How To Make A 72-Hour Emergency Backpack
Monday, 21 March 2011 00:00
Thousands of our readers have put together this 72-Hour Emergency Backpack since we first published it in 1993 and with the increase of natural disasters this might be a good time for our members to review their emergency preparedness program.
1 backpack - water resistant
1 canteen of water (replace periodically, to keep fresh)
1 package of water purification tablets
1 “Swiss Army” pocketknife
2 road flares
2 33-gallon heavy-duty plastic bags (in an emergency, these can be used for: ground covers, makeshift shelters, waterproof storage containers, or cut a hole in the center of one, at the bottom, for a waterproof poncho)
6 camper food meals dated (usually these have a 7-year shelf life)
1 Johnson & Johnson Auto First Aid Kit
1 Boy Scout Handbook
1 AM/FM radio, with an extra set of long-life batteries (test periodically)
1 box of waterproof matches, and a “Bic” lighter
1 bottle of liquid antiseptic soap
1 toothbrush and toothpaste
100 feet of 1/4” nylon rope
1 small waterproof flashlight, with extra batteries
$50 in cash — 3 tens, 3 fives, and 5 ones
1 pad and pencil
6 “Kleenex” tissue packs, pocket size
1 folding shovel
1 sharp hunting knife, with sheath
1 mess kit, utensils, and Sterno fuel
1 roll duct tape
2 bungee cords
1 emergency thermal blanket
1 bottle/pak potassium iodide tablets
These items are “basic” necessities. You will need to review your families needs and add to this list.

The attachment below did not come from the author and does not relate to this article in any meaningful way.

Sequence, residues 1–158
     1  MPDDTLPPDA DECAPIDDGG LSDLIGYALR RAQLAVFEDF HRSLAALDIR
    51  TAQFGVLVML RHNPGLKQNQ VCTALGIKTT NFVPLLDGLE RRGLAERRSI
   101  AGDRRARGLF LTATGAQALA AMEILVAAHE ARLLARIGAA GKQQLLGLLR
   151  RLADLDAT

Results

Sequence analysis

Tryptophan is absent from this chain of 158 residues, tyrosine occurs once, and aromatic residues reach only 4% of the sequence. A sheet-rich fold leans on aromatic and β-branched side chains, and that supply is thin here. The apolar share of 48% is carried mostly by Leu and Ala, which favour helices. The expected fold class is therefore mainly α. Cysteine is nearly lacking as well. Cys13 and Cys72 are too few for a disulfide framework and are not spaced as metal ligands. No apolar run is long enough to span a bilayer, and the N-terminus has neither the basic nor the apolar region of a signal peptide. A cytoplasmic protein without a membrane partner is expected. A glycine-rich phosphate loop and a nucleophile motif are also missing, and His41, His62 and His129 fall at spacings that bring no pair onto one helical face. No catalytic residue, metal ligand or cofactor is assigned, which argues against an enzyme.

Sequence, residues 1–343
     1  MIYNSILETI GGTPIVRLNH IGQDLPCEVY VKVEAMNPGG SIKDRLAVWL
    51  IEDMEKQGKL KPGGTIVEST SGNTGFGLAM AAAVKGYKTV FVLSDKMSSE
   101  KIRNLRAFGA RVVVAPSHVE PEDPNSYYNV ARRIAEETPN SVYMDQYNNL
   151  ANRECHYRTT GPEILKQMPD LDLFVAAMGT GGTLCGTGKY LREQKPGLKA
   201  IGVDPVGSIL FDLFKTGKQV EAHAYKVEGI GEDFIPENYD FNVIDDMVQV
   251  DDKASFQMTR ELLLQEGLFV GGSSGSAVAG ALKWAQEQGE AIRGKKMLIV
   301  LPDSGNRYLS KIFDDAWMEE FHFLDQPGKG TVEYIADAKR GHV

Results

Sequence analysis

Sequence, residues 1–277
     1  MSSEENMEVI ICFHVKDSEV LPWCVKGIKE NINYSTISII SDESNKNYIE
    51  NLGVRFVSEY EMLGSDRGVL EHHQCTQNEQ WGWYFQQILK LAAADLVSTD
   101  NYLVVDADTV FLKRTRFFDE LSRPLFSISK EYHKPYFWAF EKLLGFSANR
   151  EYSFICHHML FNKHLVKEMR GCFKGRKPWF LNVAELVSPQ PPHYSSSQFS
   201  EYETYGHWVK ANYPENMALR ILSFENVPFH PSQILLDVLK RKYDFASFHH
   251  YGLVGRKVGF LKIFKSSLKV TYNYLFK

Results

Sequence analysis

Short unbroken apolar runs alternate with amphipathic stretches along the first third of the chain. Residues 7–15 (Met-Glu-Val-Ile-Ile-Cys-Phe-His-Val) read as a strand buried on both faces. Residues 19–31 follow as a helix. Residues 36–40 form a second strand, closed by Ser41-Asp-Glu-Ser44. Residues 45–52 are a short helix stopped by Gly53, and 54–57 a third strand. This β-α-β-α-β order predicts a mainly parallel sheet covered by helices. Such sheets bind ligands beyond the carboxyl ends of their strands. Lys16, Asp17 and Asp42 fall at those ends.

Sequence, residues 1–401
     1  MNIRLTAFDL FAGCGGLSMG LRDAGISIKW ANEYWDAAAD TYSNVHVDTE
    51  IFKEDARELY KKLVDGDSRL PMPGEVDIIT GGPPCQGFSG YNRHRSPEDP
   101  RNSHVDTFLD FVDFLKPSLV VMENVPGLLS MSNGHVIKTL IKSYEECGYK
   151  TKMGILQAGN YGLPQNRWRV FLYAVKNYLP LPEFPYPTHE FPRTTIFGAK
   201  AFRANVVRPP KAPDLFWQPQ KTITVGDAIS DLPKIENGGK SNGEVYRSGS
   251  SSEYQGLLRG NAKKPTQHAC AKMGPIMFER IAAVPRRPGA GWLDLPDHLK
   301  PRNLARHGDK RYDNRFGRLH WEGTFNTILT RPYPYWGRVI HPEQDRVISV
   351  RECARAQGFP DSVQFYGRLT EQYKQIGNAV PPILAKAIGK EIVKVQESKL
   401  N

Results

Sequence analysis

Because the first 72 hours of any disaster are the most crucial, having this kit in an emergency can literally save your life. Since I built my first backpack kit back in 1992, several items have come in handy time and again — the duct tape has been used for everything from fixing radiator hoses to holding a makeshift splint together. I designed the kit to be carried in the trunk of our family’s vehicle, where it can be accessed either at home or on the road. My vehicle also has a ham radio installed giving me access to emergency communication. You may not be a licensed ham radio operator but you can still have emergency communications using a Citizens Band radio — Radio Shack is a good source for CBs.
As a result of the recent nuclear disaster in Japan we have added potassium iodide tablets to our list. Your local drug store or super stores like Walmart may carry them or you can check online with companies such as Amazon.com.
Most items listed below can be purchased at any sporting goods store, or at discount stores such as Wal-Mart. The items included below are designed for one person or for a family with the exception of the food and water, which are sufficient for one person. You may need more than 1 backpack depending on the size of your family and you may need to alter your own checklist, to better fit your family’s special needs.